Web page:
This morning we packed overnight bags and left our main luggage in the hotel baggage area then made our way from Shinjuku to Tokyo station to get our first bullet train. The Shinkansen looks like something from the space age and is equipped for your every need inside- so cool!!!
Our journey was to Nagano within the Japanese Alps. With all the hills and mountains throughout Japan it seems that any small area of flat land has been developed into towns with the mountains providing a picturesque backdrop.
The main pull of Nagano is it’s temple, Zenkoji. The outside is very similar to the previous temples/ shrines we have been to, although it was considerably less crowded than Sensoji, with the gates and then market street leading up to the main temple. Inside the main temple you can pay a small fee to go into the inner sanctuary and worshipper’s hall. The main distinguishing feature of this temple is the passageway under the altar. It is supposed to be the most Holy part of the temple with the “key to the pure land” on the wall along the way. The passage is pitch black which is quite disorientating, I often found myself walking into the man in front, but also an incredible experience.
As we had arrived quite early we decided to add Matsumoto to our itinerary to see the famous castle (one of Japan’s 4 national treasures). On the way to the castle we walked along Nawate street which had some small shops in what were once Samurai houses. There seemed to be some symbolism or significance in frogs along the way.
The castle is impressive with a main tower and two smaller towers. The view from across the moat is especially beautiful. For an admission price you can go inside the castle so for the second time today we had to take off our shoes (the first time was in the temple) and went in. This is not a castle as you would expect in Britain, the decoration is sparse to the point of non-existant. This allowed the Samurai to run around easily to protect the castle from attack. The staircases between the floors were very steep, on one set the steps were 40cm in depth.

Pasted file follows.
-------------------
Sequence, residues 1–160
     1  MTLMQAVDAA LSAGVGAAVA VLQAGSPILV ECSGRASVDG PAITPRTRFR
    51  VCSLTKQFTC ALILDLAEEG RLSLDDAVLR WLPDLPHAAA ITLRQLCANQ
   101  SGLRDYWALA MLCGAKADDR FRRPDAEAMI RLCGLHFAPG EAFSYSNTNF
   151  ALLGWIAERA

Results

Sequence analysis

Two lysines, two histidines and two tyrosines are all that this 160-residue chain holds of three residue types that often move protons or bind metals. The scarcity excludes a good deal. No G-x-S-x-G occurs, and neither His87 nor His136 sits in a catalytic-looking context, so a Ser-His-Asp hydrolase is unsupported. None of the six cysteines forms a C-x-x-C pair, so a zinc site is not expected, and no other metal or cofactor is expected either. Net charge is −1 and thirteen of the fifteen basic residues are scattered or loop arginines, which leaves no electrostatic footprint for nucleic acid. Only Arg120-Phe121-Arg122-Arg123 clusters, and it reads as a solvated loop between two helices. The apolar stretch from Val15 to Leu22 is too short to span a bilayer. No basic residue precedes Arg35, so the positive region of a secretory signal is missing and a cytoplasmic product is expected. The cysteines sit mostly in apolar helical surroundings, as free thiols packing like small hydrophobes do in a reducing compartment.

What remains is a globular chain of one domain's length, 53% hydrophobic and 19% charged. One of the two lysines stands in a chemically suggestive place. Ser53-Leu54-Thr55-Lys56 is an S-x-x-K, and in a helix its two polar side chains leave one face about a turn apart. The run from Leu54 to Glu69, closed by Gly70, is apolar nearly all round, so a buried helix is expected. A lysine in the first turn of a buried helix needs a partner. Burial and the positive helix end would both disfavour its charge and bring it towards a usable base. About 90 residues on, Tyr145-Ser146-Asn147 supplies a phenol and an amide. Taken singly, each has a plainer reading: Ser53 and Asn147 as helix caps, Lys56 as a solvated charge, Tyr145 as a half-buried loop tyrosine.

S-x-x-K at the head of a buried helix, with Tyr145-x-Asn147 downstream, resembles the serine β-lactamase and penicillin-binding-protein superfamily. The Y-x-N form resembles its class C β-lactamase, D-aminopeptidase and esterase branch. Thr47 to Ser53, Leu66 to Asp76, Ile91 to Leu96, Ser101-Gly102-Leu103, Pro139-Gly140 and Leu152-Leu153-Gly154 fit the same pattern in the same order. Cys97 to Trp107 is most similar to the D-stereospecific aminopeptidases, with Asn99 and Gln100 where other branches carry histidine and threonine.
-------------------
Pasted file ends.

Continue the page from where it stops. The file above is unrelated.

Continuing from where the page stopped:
We then had to start the journey back to Nagano and then onto our destination for the night, Yudanaka. By the time we arrived at our Ryokan Onsen (traditional Japanese lodging with a hot spring) it was late. We had technically missed the last sitting for dinner but as the kitchen was still open they catered for us.
The room was a traditional room with just a table and chairs in when we arrived. We had to leave our shoes at the door and when we walked around the hotel we were provided with slippers.
Our dinner was a traditional Japanese feast served in our own private room which looked a bit like a very smart horses stable. The good was plentiful is not always to our tastes. I was able to eat a lot of it but couldn’t manage the mushrooms or the pickled brains, I really enjoyed the pork cooked in broth and sashimi though.
Arriving back in our room someone had been in and pushed the table out of the way and in its place were 2 futons fully made up and ready for us to collapse into for a very relaxed and undisturbed sleep.